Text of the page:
Here we continue on our culinary tour of Japan. Looking at a variety of local specialty dishes around the country that i would like to eat as a whole or at least have a taste of. Last time we started at the top so moving south we will have a look at the Kanto region including the capital Tokyo. If you didn’t read the last edition go take a look but if you did lets get started.
Motegi Yuzu Ramen – Ramen made using the juice and the skin of the small citrus fruit Yuzu is produced in the Motegi area. Known for its refreshing and light flavour and also full of vegetables, makes it a favourite Ramen with the ladies.
Utsunomiya Gyoza – Utsunomiya is known as the home of the Gyoza, it has over 200 Gyoza restaurants, each with their own unique recipe and style of preparation. There is even a huge gyoza statue in front of Utsunomiya Station. There is also an annual gyoza festival held on the first week of November, Tochigi prefecture is also one of the top producers of chives which is a main gyoza filling
Sukiyaki – Thinly sliced beef and a variety of vegetables including Shimonita leek, fresh shiitake mushrooms and hakusai cabbage simmering away in a sweet soy-based broth hot pot. The official meal of the prefecture with all the ingredients grown and sourced in the area and is a must try.
Takasaki Pasta – Gunma is the nation’s leading wheat-producer and Takasaki Town is famous for boasting one of the highest rates of pasta restaurants per capita in Japan. Takasaki pasta dishes are known for their large portion sizes and are popular as a meal that will really fill you up. Also keep an eye out around Takasaki as it is the birthplace of soup pasta.
Anko Nabe – Anko (anglerfish) is a collagen-rich deep-sea fish that is often served in a hot pot dish, anko nabe, in the winter. Anko nabe is especially associated with Ibaraki. Nutritious anko nabe also contains fresh vegetables, such as Chinese cabbage and green onions, making it a healthy dish especially nice to eat in the cold winter months.
Soboro Natto – Not one for me but loved by many Japanese Natto is fermented soybeans stirred with mustard and soy to create an unusual texture and taste that is not for everyone’s taste. Soboro natto contains diced daikon root to create its own unique taste. Served on rice it’s a local speciality and very very healthy.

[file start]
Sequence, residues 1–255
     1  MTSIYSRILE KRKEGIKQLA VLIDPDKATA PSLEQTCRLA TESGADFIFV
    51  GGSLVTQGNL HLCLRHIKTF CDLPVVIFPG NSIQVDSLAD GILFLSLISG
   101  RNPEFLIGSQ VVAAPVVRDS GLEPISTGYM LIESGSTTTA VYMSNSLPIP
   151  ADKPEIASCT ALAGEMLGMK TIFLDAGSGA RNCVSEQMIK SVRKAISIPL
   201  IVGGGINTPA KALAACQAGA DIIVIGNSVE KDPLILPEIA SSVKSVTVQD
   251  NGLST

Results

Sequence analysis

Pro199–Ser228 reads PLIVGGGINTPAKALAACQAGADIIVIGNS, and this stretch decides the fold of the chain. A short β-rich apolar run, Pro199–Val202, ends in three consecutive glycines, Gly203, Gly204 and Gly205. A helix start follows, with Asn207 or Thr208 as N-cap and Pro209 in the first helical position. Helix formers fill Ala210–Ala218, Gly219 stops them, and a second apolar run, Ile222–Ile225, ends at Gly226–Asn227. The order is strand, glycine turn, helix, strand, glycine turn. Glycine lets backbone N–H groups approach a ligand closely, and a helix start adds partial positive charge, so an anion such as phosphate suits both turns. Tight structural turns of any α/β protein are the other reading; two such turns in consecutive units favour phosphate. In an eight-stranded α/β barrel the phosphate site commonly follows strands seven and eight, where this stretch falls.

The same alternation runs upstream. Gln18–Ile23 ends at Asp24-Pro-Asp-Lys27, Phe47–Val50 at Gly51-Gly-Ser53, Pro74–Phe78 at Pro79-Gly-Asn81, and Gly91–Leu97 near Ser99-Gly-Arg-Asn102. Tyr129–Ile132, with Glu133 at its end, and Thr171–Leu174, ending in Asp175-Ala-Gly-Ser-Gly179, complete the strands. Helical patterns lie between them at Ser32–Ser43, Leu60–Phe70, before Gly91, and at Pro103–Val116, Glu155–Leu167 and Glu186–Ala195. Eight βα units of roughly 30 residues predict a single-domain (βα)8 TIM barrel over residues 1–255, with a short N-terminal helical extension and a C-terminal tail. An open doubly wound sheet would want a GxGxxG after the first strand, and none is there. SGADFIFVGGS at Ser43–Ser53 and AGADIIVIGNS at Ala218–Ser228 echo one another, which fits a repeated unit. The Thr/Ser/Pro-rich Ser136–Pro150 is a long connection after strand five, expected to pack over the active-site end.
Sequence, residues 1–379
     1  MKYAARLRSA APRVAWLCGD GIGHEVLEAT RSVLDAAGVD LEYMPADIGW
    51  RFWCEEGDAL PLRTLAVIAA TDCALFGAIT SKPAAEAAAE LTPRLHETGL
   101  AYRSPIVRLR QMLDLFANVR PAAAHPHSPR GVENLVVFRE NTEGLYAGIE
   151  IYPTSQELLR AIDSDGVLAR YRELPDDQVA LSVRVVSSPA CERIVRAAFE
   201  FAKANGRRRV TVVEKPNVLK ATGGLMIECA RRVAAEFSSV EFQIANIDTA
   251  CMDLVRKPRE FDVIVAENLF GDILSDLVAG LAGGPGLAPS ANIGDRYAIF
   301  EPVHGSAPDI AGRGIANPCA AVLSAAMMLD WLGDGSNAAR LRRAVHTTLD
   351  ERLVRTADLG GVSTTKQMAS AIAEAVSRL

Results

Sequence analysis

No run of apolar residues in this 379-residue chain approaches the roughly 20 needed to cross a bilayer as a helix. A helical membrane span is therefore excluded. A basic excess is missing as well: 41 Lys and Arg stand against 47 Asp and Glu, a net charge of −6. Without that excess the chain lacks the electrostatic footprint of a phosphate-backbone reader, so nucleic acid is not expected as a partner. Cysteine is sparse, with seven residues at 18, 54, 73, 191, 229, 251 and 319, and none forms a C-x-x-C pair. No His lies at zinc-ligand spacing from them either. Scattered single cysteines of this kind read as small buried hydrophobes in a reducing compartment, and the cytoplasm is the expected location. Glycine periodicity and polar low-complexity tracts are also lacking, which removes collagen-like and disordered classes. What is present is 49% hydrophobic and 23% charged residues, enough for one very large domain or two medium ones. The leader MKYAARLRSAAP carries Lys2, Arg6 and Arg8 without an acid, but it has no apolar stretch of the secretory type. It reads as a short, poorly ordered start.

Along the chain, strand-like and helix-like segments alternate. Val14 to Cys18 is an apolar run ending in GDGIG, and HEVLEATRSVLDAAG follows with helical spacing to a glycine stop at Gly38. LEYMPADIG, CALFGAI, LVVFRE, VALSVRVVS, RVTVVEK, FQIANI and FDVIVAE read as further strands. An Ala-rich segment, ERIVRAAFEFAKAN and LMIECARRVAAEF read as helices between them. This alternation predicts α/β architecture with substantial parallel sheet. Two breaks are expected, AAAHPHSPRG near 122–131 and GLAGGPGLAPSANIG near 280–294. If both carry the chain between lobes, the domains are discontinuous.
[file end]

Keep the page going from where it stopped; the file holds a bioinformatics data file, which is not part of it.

Chichibu Miso Potato – Crunchy baked potato smothered with the sweet-salty taste of miso all on a convenient stick what is not to love bout this Chicibu regional snack. One of the local ‘Kojuuhan’ (a type of cuisine eaten by farmers during breaktime when they just want a small bite to eat)
Unagi Kabayaki – Grilled eel has been a staple of the Urawa era since the Edo period as the rivers and wetlands were full of fish and people visited the area to try the speciality eels. Due to development the wetlands and the eels almost disappeared but the 200-year-old flavours have been kept alive through the Urawa Unagi Breeding association. Served simply deboned, butterflied and cooked on skewers over a flame they surely are a must try if in the area.
Monjayaki – Tokyo’s version of okonomiyaki. Often just called monja, this fried batter pancake is slightly more runny texture due to fish broth being added to the mix. It contains plenty of cabbage and the batter mix along with toppings such as green onions, cheese, cod roe and seafood or meat then cooked on a grilltop like a pancake
Tendon – Tokyo has some of the best tempura in the country, crispy and light batter covering your favourite seafood and vegetables served on a big bowl of rice. In Tokyo, tendon is typically eaten with a strong flavoured sweet and spicy black sauce which sets it apart from the others.
Chanko Nabe – This protein-rich stew is eaten in large quantities by sumo wrestlers during their weight-gaining phase. The soup is usually made from dashi or chicken stock and contains chicken or pork with lots of vegetables and tofu. So many Chanko Nabe restaurants, many owned by former wrestlers can be found around Sumida City
Namerou – A famous local dish of the southern Boso peninsula. Made from a mixture of fish meat such as sardines and horse mackerel mixed with shallots, shiso and miso, all minced together with a sharp knife, the dish is named for the fact that it is so delicious you will lick your plate afterwards.
Katsuura TanTan Noodles – The extremely popular ramen noodle dish attracts visitors from outside the prefecture to try this tasty dish. It uses a soy sauce-based soup and plenty of chilli oil instead of the Chinese sesame paste usually used in spicy tan tan noodles and is full of extras such as onion and mince. Great on a winter’s day, or any day for that matter.
Iekei ramen Yokohama City’s regional bowl, Iekei ramen. The creamy blend of tonkatsu (pork bone) broth and soy sauce broth make for a magical hangover cure. Add to that a generous amount of toppings like spinach, ground chicken balls, and thick slices of pork belly and you’re in for a treat
Shirasu don – The dish is made with shirasu (whitebait) – baby sardines, sand lances, and herring. The fish are eaten dried, boiled, or raw with soy sauce. They taste light and salty. Served on a bowl of rice and enriched with the addition of seaweed, Japanese herbs, and sliced leeks, with soy sauce and tare on the side.
Hope your not too hungry after that, next up we will actually be going to Chubo, was gonna add it to this article but would of been way too long. Doing this has made me realize how big japan is and how many differant types of amazing food they have to offer of all varieties. Let me know your favourites so far